I was recently sent mail about a payphone textfile that has found new life on Google Maps.
Here it is, along with some background history from the author, which I’ll reprint below:
“A collection of payphones in Santa Barbara that I compiled in 1982 when I was 14 years old. I still have the address book so I called all of them to verify which were still in use. I knew if I got a voice mail or a business or even more obviously a disconnect message then the payphone was no longer there. Out of an original list of 300 there are only 73 left which comes out to 24% which is still higher than I expected. I uploaded it as a textfile to my best friend’s BBS (the predecessor to the internet) in 1986 and he said it was his number one most downloaded file. So apparently there were other teenagers out there with a fascination with crank calling payphones. It’s somewhat normal for teenage boys to crank call but I didn’t want to disturb people in their homes so I was a considerate crank caller.”
I’m also including the map itself, although this might not work for everyone.
Some people might not be aware of this, but it’s the sunset of the payphone. AT&T is pulling them out of places by the truckload, giving up that maintenance and accounting nightmare in lieu of the cellphone and the internet connection. Phone phreaks are sad, and of course I have my own memories, but keeping vending machines around for sentimental reasons would be silly.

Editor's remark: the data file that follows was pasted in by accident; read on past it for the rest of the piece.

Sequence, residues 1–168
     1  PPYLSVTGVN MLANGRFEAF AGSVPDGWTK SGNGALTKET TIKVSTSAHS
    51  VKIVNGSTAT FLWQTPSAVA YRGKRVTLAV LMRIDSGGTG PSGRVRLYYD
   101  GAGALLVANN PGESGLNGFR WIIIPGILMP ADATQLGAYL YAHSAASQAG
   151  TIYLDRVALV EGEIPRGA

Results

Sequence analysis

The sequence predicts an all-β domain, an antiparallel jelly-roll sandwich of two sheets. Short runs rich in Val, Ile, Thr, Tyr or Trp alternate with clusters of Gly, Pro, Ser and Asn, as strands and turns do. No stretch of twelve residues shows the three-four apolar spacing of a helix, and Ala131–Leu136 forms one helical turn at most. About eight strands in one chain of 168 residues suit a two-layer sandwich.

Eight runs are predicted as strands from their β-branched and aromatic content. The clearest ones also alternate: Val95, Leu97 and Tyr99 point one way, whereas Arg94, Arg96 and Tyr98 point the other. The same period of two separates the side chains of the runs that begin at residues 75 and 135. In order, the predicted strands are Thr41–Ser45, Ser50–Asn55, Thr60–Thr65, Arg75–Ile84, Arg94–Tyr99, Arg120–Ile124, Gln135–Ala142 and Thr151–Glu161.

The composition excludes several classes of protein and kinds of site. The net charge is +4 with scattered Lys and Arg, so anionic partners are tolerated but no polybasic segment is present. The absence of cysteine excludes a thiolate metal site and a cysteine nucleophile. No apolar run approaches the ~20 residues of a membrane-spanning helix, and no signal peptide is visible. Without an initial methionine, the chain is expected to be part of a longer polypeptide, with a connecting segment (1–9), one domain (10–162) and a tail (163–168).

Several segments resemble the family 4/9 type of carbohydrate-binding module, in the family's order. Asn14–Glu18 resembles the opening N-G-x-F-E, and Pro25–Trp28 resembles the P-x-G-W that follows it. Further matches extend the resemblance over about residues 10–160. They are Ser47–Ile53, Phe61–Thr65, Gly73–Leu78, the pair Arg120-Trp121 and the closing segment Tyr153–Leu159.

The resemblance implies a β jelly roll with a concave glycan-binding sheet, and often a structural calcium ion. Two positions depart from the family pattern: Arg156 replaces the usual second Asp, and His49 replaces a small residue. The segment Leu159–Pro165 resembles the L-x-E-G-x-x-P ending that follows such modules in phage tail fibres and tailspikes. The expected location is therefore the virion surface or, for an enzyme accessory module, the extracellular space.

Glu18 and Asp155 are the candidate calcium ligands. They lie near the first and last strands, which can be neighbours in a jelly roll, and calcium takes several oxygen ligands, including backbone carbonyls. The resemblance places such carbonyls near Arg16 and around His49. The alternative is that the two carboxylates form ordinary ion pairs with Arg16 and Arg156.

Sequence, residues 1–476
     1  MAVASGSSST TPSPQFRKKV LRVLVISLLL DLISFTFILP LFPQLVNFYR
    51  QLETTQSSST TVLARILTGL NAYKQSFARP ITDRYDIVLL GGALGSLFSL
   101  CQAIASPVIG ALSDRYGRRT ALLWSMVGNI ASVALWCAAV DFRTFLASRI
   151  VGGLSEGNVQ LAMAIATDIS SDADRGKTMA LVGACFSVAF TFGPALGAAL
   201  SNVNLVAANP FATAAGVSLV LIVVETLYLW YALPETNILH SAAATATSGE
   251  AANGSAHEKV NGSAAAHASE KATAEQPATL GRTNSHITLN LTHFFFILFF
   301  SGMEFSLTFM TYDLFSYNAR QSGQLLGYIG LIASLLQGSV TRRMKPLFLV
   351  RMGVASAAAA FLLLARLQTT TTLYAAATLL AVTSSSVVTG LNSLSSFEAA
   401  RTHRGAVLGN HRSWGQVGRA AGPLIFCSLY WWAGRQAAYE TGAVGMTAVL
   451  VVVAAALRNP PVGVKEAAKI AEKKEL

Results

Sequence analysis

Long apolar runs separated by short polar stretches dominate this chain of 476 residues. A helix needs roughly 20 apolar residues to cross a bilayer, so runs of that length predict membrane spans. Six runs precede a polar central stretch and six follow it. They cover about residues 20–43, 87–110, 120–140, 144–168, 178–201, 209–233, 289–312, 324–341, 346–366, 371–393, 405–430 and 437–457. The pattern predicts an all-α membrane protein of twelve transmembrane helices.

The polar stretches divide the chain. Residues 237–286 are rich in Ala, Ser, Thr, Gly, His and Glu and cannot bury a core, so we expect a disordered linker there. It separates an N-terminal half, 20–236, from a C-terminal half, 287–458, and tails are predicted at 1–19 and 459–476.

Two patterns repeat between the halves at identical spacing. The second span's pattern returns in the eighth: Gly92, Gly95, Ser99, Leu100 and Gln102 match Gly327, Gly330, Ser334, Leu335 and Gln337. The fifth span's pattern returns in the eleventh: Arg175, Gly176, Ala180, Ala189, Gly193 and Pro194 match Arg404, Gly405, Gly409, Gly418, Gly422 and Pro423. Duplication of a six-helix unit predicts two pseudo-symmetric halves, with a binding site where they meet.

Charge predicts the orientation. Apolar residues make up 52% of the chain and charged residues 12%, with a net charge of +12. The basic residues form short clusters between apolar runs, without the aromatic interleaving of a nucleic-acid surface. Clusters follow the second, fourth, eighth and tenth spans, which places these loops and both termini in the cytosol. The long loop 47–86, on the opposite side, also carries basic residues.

I’m assuming the list he refers to is this one, which is in a nice directory of similar compilations. These were handcrafted things, made by driving or walking around and noting what was where and what the numbers were and generally being a bird watcher type, selecting the world’s interesting points for later recounting.
In case anyone missed it, many payphones stopped accepting incoming calls years and years ago, because they were being used by drug dealers as points of contact and business. That action turned them from places of communication and community to the aforementioned vending machines, in my opinion; you could pay and call out but never get someone calling back, or able to find you there, or anything else. With that, the phone numbers themselves became less important, because nobody could call them.
We’d have killed for something as cool as the Google Maps interface to payphone lists like we have above. It puts it all in perspective, with locations shown, descriptions of the places, and easy directions. This was, in a rare exception, when you could have excursions related to telephone hackery, finding all the places payphones could be shoved and keeping track of what the numbers were.
The miraculous is becoming mundane, perhaps.
Categorised as: computer history
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